Electric Dreams, Part 4: The Lost Art Of Dreaming
We'll Always Be Together
Electric Dreams is a five-part series about AI, academic research and video games, and how together they're shaping the industry. Part one on the lost future of AI is here.
The more we play games, the more we forget how much time it took us to learn the mysterious toolbox of language and skills that they require. Mostly we think of this toolbox as being full of things that enable us to do new things, like circle-strafing or that sixth sense that tells you to stuff ladders and paperclips into your pants in an adventure game, but in truth a lot of it actually controls what we think and do. If you've ever sat down to watch someone less familiar with games play something, you've probably witnessed something along these lines. They'll do things that you instinctively know aren't possible - trying to open doors that we know are part of the scenery, or repeating an action in an adventure game when we know it's always going to have the same outcome. Sometimes when I play with someone new to games, they'll ask me 'How did you know that was the solution?' and the answer is simply because I've been here before. On the surface it looks like skill, but in reality it's a sign that we've learned to be obedient. A lifetime of playing games has taught us to be followers, and it is now a major factor in slowing down innovation and experimentation in games.
So far in Electric Dreams we've discussed how innovation and artificial intelligence in particular has stalled somewhat, but now it's time to look to the future, and talk about how to start it up again. In this article I want to turn the spotlight on you, RPS readers, and talk about a culture shift I'd like to see happen to games. A shift from knowing that things aren't possible, to wondering if they could be. A chance to start dreaming again, to ask big questions so that people have a reason to go and find answers. I think we can do it, but you might need to forget everything you've ever learned about games to make it happen.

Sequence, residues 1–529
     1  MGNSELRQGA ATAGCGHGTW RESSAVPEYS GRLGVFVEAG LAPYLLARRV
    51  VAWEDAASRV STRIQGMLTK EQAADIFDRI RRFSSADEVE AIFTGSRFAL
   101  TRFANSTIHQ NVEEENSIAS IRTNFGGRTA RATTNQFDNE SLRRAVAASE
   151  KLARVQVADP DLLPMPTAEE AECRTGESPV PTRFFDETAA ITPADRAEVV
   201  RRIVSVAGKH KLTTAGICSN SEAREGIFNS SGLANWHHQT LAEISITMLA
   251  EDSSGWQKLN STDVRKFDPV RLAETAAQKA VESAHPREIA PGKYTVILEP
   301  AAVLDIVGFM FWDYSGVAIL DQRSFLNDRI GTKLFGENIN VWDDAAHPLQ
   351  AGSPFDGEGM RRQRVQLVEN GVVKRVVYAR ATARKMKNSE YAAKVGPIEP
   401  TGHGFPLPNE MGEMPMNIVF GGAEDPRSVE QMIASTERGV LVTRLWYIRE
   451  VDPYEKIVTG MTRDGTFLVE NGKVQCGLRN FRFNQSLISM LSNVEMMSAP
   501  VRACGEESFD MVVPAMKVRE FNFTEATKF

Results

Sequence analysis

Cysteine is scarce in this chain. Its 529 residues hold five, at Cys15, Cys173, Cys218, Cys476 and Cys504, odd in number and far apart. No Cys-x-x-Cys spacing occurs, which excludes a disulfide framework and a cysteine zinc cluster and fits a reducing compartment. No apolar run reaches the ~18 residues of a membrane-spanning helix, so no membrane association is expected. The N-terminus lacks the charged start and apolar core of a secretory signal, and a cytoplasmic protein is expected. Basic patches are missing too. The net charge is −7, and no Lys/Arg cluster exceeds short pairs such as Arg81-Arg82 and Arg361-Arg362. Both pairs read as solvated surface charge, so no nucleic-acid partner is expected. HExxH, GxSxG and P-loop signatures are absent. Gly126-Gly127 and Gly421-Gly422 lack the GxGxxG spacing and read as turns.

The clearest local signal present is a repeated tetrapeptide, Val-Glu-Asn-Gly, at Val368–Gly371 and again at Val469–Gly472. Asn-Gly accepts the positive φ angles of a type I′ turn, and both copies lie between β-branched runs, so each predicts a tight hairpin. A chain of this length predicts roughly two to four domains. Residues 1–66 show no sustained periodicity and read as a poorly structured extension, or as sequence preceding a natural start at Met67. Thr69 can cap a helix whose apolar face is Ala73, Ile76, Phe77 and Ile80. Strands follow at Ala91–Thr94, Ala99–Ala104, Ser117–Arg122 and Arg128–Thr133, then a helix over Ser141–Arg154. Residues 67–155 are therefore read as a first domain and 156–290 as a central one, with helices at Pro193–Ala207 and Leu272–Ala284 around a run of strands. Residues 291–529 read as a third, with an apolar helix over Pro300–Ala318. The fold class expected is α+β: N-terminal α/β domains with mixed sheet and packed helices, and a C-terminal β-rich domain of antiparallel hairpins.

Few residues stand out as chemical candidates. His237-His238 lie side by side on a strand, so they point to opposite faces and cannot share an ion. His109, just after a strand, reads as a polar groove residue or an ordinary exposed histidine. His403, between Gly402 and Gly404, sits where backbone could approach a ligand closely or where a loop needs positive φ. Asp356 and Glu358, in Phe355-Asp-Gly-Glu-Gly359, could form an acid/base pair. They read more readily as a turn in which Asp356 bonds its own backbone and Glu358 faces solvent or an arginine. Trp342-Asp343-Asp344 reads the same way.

Why can't I combine any items I want to solve an adventure game puzzle? Why don't my companions in Dragon Age actually show their feelings for each other? Why do my choices in Telltale games always end up in the same place no matter what? There's a lot about games that we've just come to accept over the years. Often when we talk about games in this way we throw around words like 'impossible' with a depressing amount of fatalism, as if the brief fifty years we've spent working on this medium has told us everything we need to know about what can and can't be achieved. Videogames are done. We can simulate individual strands of hair on Lara's head, that's new, but everywhere else it's just a bunch of technological roadblocks. We've been taught that this is The Way Things Are and that we should be grateful for our 120FPS bulletfests. You can open doors yourself in the latest Call Of Duty! If that isn't progress I don't know what is.
These technological barriers that we've come to accept as part of games aren't even that difficult to break, in a lot of cases. Researchers in Copenhagen and New York have both looked at building point-and-click adventures with replayable puzzles that redesign themselves each time you play, for instance. Others have looked at giving RPG characters emotions that affect how they behave in battle, protecting their loved ones, becoming distraught if they see close friends die. There's a huge community of researchers looking at how to build better, more interesting and more complex interactive narratives (there's even research into why some choices feel more meaningful than others). A lot of this kind of research is early work, and much of it never finds its ways into the hands of the right developers, but these are not outlandish, unreasonable questions. They're not even close to unreasonable. Compared to the kinds of innovation we regularly celebrate in games, though, they sound impossibly futuristic.
Back in early 2014, Polygon ran a piece about '2014's Most Innovative Games'. It's now a fascinating piece to read, as developers attempt to explain why their games are innovative, and most of them fail completely. Over a year later, many of these games have flopped on release while others have descriptions that seem anything but innovative. The Elder Scrolls: Online boasts about having '200 players on the screen' even on low-end machines. Destiny's developers reel off a series of existing game ideas that they've just decided to cram into a single game. Telltale's description of Game Of Thrones could just as easily be applied to any game they've made in the last three years. Why do we seem to gravitate towards certain kinds of innovation, even when they amount to incremental nudges forward?